ALBUM TITLE: Tovey
WORKS: Symphony in D, Op. 32; The Bride of Dionysus – Prelude
PERFORMER: Malmö Opera Orchestra/George Vass
CATALOGUE NO: TOCC 0033
I was predisposed to enjoy Sir Donald Tovey’s Symphony. His Piano Concerto (1905) and Cello Concerto (1933) are superb examples of post-Brahmsian composition. The Symphony (1913) proves stylistically more advanced than either: Brahms is just one background presence in a developed idiom with nods to Bruckner, Strauss and Reger, the second movement a modern take on Beethoven’s symphonic scherzos. Scored for a Mahler-sized orchestra, it’s full of instrumental invention and of fascinating and/or glorious moments. Yet despite glimpses of a noble architecture the shapes of the movements and their ultimate direction are curiously hard to grasp. The near-continuous polyphonic textural elaboration, the often heavy (rather than thick) scoring seem at odds with the materials. If I say the work it most reminds me of is Reger’s Sinfonietta, this is not meant as unalloyed praise. No such qualms about the Prelude to Tovey’s Ariadne opera The Bride of Dionysus, a beautifully seamless fusion of Brahms and Parsifal.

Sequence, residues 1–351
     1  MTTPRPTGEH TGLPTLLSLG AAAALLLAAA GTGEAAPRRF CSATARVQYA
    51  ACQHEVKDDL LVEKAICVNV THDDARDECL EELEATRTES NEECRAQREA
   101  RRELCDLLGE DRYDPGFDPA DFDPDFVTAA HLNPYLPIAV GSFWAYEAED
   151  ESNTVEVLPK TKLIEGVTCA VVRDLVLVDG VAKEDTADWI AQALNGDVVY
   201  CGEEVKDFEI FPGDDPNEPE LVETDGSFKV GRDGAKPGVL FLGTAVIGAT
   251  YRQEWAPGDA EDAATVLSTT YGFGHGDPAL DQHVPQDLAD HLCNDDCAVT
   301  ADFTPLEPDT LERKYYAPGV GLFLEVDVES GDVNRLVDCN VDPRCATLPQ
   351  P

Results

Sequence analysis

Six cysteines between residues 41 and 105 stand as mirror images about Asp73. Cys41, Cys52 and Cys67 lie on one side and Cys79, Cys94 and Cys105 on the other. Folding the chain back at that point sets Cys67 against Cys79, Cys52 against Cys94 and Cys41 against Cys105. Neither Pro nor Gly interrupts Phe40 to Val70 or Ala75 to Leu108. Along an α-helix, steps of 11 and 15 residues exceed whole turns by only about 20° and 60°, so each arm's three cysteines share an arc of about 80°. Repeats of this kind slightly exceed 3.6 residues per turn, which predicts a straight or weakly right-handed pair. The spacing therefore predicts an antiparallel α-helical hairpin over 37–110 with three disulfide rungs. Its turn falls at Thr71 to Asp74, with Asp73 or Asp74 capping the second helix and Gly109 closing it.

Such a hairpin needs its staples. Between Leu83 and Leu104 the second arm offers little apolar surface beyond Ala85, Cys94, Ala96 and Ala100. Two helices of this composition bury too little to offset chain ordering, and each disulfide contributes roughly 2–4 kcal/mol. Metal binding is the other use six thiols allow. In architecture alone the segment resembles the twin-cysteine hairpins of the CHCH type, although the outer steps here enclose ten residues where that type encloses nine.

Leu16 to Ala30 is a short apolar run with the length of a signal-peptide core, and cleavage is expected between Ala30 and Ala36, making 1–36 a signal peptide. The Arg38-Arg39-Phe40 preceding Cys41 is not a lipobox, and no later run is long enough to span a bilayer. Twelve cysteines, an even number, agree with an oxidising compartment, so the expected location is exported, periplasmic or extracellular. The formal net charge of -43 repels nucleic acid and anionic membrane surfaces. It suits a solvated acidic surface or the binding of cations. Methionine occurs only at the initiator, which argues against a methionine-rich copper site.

The Malmö Orchestra does wonders with the technically taxing Symphony, due doubtless to appropriately firm direction from George Vass. Calum MacDonald